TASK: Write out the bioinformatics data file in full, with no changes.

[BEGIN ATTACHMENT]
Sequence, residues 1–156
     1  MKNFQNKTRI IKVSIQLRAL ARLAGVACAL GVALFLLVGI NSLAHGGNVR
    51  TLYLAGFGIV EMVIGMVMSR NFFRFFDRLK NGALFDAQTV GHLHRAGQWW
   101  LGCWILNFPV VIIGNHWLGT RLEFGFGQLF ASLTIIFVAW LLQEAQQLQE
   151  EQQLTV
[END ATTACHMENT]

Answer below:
Sequence, residues 1–156
     1  MKNFQNKTRI IKVSIQLRAL ARLAGVACAL GVALFLLVGI NSLAHGGNVR
    51  TLYLAGFGIV EMVIGMVMSR NFFRFFDRLK NGALFDAQTV GHLHRAGQWW
   101  LGCWILNFPV VIIGNHWLGT RLEFGFGQLF ASLTIIFVAW LLQEAQQLQE
   151  EQQLTV